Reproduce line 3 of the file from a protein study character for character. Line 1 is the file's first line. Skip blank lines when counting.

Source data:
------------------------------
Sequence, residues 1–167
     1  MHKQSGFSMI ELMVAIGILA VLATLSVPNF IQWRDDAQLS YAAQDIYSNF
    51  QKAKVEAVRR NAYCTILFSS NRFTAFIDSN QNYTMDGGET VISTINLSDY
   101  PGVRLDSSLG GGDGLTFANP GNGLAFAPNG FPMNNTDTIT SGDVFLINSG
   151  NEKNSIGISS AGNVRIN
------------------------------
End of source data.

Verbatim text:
    51  QKAKVEAVRR NAYCTILFSS NRFTAFIDSN QNYTMDGGET VISTINLSDY